Viruses are an important component of aquatic food webs. They contribute significantly to the mortality of marine microorganisms and consequently alter species composition and influence the flow of carbon and energy within an ecosystem . As such, accurate and reproducible estimates of virus abundance from environmental samples are essential to our understanding of aquatic biology and biogeochemistry. The earliest estimates of virus-like particles (VLP) in aquatic samples relied on transmission electron microscopy (TEM) [2, 3]. However, the high cost, limited availability, and laborious nature of TEM quickly led investigators to switch to epifluorescence microscopy approaches [4–6] using Nuclepore™ track-etched polycarbonate membranes (pore sizes 0.015 or 0.030 μm, Whatman North America) [4, 5, 7] and methods originally described for enumerating bacteria . Due to slow flow rates, Nuclepore membranes were subsequently replaced by Anodisc™ inorganic (Al2O3) membranes (pore size 0.02 μm, Anodisc™, Whatman) (refer to Table 1) [9, 10]. Anodisc membranes are available in 13 and 25 mm diameters. The 25 mm membrane with a built-in support ring is commonly used to determine VLP abundances in natural systems and is recommended in several published protocols [11, 12]. However, the establishment of a protocol using the 13 mm membranes, lacking a support ring, has the advantages of significantly reducing processing costs (by 50% or more; Table 1) and the amount of sample required.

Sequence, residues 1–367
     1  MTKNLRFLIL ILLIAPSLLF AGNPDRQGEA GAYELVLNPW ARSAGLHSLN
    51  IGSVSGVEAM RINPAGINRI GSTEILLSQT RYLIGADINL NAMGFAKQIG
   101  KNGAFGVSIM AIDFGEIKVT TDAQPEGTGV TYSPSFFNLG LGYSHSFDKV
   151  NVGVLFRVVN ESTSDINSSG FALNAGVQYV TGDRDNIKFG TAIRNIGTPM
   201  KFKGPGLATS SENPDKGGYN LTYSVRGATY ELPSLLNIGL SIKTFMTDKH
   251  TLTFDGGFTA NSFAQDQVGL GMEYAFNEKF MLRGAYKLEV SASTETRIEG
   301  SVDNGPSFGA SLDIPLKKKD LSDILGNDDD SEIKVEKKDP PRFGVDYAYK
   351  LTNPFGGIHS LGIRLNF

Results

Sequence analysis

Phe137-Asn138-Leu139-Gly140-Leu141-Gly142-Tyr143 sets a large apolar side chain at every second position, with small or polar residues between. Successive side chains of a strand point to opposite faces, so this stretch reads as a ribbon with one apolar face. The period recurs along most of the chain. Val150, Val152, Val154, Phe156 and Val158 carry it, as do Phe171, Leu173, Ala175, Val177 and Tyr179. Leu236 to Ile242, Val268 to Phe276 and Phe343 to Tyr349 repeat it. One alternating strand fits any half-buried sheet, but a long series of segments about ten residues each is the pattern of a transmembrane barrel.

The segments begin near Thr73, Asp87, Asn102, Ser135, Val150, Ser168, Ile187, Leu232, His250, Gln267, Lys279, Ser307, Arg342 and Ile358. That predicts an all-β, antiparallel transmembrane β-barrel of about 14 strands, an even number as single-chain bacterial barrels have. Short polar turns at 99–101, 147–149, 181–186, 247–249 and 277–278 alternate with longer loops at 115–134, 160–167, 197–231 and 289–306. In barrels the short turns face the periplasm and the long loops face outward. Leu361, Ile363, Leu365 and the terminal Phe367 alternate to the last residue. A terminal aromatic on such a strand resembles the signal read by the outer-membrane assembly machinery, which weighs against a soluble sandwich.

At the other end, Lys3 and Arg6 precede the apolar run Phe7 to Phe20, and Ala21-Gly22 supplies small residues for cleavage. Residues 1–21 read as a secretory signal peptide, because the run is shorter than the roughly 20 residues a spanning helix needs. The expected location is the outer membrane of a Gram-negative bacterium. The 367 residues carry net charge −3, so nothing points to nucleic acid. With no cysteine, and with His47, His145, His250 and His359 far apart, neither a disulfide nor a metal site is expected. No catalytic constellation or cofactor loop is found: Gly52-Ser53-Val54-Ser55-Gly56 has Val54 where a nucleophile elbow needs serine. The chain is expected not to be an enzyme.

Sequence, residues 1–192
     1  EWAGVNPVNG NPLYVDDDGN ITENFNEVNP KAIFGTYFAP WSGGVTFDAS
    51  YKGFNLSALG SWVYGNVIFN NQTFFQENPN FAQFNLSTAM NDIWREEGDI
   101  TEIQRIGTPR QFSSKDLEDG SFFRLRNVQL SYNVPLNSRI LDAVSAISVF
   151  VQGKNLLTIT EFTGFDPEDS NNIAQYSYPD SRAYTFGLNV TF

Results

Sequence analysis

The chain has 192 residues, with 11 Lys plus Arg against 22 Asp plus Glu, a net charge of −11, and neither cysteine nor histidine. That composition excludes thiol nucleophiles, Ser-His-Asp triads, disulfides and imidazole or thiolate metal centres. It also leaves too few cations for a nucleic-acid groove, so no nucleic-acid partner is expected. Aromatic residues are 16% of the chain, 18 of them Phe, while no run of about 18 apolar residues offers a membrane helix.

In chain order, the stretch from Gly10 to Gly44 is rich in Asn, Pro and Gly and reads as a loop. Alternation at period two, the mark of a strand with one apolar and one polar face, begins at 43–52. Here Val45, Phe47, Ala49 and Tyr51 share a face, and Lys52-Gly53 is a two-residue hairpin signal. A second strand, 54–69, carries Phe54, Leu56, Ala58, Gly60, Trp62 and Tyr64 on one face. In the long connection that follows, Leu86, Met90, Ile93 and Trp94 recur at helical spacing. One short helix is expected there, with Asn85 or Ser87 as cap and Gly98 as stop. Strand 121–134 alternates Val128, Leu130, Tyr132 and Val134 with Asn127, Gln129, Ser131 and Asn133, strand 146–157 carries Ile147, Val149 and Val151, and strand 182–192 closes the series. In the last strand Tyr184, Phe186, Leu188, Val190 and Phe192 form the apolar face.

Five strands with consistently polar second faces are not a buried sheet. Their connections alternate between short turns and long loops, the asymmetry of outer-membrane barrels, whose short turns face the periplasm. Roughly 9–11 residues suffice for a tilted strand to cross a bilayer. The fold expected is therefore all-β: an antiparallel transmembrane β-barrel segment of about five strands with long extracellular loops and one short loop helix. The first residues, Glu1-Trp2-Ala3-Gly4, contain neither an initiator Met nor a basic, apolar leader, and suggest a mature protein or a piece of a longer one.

Results and Discussion